Gastric Outlet Obstruction Clinical Presentation

Updated: Jun 08, 2017
  • Author: Andres E Castellanos, MD; Chief Editor: John Geibel, MD, DSc, MSc, AGAF  more...
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Presentation

History

Nausea and vomiting are the cardinal symptoms of gastric outlet obstruction (GOO). Vomiting usually is described as nonbilious, and it characteristically contains undigested food particles. In the early stages of obstruction, vomiting may be intermittent and usually occurs within 1 hour of a meal.

Patients with GOO resulting from a duodenal ulcer or incomplete obstruction typically present with symptoms of gastric retention, including early satiety, bloating or epigastric fullness, indigestion, anorexia, nausea, vomiting, epigastric pain, and weight loss. They are frequently malnourished and dehydrated and have a metabolic insufficiency. Weight loss is frequent when the condition approaches chronicity and is most significant in patients with malignant disease.

Abdominal pain is not frequent and usually relates to the underlying cause (eg, peptic ulcer disease [PUD] or pancreatic cancer).

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Physical Examination

Physical examination often demonstrates the presence of chronic dehydration and malnutrition. A dilated stomach may be appreciated as a tympanitic mass in the epigastric area and/or left upper quadrant.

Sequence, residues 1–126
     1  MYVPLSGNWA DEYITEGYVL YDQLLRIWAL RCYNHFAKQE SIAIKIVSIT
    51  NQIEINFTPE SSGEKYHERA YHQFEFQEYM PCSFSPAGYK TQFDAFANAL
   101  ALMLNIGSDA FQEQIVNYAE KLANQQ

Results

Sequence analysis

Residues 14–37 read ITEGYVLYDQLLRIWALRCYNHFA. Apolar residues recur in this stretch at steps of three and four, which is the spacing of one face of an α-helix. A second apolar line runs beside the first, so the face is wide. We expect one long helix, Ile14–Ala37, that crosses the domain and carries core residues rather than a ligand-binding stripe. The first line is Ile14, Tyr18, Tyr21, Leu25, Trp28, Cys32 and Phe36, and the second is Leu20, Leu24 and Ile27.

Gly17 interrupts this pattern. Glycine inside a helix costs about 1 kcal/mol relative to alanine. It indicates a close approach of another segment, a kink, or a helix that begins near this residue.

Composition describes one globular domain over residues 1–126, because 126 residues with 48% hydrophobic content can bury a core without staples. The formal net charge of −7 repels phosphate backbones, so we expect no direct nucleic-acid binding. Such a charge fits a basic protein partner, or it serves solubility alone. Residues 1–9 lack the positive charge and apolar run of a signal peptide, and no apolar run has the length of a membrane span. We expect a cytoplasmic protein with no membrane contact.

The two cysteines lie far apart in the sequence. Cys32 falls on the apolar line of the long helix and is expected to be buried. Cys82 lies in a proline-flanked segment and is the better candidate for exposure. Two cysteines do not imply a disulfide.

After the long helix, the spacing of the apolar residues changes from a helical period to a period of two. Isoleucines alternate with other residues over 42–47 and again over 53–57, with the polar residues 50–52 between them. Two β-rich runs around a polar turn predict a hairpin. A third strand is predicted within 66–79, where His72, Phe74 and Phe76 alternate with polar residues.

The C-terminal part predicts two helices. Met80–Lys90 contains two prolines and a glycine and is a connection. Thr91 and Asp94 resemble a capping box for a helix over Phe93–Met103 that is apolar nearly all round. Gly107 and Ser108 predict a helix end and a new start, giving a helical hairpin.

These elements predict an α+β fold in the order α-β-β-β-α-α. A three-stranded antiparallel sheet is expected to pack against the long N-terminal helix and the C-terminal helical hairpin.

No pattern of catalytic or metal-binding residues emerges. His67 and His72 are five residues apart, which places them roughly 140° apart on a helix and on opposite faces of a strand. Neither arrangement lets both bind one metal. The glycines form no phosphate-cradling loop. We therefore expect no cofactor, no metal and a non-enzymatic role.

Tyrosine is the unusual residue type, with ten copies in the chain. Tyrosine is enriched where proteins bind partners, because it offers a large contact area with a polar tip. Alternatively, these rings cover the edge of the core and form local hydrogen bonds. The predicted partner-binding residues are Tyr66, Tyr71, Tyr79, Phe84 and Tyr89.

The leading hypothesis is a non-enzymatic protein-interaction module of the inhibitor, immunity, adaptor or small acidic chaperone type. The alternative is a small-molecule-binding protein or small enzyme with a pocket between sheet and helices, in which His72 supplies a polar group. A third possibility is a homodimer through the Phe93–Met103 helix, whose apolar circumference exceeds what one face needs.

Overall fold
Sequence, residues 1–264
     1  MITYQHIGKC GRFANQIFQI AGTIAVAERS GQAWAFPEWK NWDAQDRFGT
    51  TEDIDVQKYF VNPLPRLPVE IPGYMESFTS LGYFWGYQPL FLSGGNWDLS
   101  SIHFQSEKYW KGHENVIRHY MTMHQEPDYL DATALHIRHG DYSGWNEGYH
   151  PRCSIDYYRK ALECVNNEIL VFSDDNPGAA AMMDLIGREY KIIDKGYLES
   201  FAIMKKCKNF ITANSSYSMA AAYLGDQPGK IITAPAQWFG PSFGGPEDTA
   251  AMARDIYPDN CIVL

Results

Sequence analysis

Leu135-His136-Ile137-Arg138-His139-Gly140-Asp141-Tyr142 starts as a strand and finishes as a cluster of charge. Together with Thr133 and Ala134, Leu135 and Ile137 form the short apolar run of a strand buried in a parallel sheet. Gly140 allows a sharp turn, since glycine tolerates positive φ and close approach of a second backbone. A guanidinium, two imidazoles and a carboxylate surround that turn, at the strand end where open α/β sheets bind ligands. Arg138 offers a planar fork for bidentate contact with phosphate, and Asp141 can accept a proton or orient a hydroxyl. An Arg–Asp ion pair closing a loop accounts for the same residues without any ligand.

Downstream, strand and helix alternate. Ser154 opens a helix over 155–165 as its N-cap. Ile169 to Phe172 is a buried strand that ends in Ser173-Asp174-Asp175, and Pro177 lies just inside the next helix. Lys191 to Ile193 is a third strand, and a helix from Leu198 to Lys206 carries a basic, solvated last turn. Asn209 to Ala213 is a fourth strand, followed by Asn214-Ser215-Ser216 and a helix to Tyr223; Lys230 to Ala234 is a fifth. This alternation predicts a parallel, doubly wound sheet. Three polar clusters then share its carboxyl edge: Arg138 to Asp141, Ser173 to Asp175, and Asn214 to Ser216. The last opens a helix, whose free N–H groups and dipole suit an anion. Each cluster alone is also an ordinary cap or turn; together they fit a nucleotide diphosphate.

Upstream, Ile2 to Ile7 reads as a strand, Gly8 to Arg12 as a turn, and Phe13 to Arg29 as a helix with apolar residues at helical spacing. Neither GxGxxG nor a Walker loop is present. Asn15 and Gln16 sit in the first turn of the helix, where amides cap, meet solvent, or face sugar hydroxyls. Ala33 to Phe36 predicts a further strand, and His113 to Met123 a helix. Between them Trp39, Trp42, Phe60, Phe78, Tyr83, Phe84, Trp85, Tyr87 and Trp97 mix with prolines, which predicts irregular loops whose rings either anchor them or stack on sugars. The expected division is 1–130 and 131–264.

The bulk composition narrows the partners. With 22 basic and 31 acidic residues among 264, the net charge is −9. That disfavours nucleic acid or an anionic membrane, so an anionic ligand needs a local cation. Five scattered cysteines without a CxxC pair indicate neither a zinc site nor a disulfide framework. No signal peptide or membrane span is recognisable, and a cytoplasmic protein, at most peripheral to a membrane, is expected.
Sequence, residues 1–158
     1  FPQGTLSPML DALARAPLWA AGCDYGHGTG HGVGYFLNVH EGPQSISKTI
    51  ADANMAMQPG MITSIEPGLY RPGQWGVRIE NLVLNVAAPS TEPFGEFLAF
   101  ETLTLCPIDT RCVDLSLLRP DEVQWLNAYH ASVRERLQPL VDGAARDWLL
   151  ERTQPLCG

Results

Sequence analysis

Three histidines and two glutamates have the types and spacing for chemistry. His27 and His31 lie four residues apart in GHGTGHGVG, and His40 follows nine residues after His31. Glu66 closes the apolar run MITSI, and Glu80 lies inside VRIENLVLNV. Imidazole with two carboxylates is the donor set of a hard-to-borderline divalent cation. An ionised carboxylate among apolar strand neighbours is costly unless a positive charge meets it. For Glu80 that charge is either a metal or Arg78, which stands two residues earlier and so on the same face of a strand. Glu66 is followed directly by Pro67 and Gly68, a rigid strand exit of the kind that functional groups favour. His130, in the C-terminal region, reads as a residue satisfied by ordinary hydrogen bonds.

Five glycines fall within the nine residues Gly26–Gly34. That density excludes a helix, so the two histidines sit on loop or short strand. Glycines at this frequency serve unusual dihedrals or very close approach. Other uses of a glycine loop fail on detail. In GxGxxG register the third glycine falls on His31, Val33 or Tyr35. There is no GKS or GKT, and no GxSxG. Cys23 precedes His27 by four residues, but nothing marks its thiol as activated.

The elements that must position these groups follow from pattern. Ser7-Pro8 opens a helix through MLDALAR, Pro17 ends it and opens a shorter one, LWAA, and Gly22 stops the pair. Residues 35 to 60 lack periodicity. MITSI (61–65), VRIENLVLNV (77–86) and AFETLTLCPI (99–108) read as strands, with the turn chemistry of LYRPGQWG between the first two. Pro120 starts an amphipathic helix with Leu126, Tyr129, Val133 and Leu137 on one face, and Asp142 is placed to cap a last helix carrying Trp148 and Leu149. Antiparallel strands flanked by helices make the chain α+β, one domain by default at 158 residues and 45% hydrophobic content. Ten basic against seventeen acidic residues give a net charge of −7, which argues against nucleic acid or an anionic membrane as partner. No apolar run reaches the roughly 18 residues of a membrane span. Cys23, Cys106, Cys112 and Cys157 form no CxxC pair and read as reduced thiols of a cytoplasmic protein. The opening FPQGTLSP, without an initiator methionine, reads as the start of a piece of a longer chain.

Dehydration and electrolyte abnormalities can be demonstrated by routine laboratory examinations. Increases in blood urea nitrogen (BUN) and creatinine are late features of dehydration.

Prolonged vomiting causes loss of hydrochloric acid and produces an increase of bicarbonate in the plasma to compensate for the lost chloride and sodium. The result is a hypokalemic hypochloremic metabolic alkalosis. Alkalosis shifts the intracellular potassium to the extracellular compartment, and the serum positive potassium is increased factitiously. With continued vomiting, the renal excretion of potassium increases in order to preserve sodium. The adrenocortical response to hypovolemia intensifies the exchange of potassium for sodium at the distal tubule, with subsequent aggravation of the hypokalemia.

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